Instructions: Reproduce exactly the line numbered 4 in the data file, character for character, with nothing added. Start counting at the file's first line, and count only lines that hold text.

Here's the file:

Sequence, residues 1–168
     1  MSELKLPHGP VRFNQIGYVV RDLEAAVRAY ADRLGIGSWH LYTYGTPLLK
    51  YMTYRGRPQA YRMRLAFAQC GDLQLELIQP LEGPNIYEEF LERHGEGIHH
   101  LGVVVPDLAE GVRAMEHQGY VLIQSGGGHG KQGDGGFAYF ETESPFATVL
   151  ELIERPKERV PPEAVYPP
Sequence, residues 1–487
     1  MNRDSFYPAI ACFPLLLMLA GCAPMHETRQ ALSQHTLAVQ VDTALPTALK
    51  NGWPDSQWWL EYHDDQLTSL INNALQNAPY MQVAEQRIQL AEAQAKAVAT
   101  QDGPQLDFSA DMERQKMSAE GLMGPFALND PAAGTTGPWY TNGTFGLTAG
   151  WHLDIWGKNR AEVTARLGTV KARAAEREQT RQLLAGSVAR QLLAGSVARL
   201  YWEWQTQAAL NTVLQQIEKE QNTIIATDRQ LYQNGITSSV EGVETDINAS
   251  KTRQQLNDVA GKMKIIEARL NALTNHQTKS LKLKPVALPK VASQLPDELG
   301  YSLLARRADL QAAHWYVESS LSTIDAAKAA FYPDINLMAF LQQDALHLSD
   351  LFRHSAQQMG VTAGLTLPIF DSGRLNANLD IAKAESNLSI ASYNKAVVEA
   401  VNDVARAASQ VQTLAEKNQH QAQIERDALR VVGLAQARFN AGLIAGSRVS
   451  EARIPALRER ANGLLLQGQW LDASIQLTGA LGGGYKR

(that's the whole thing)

   101  LGVVVPDLAE GVRAMEHQGY VLIQSGGGHG KQGDGGFAYF ETESPFATVL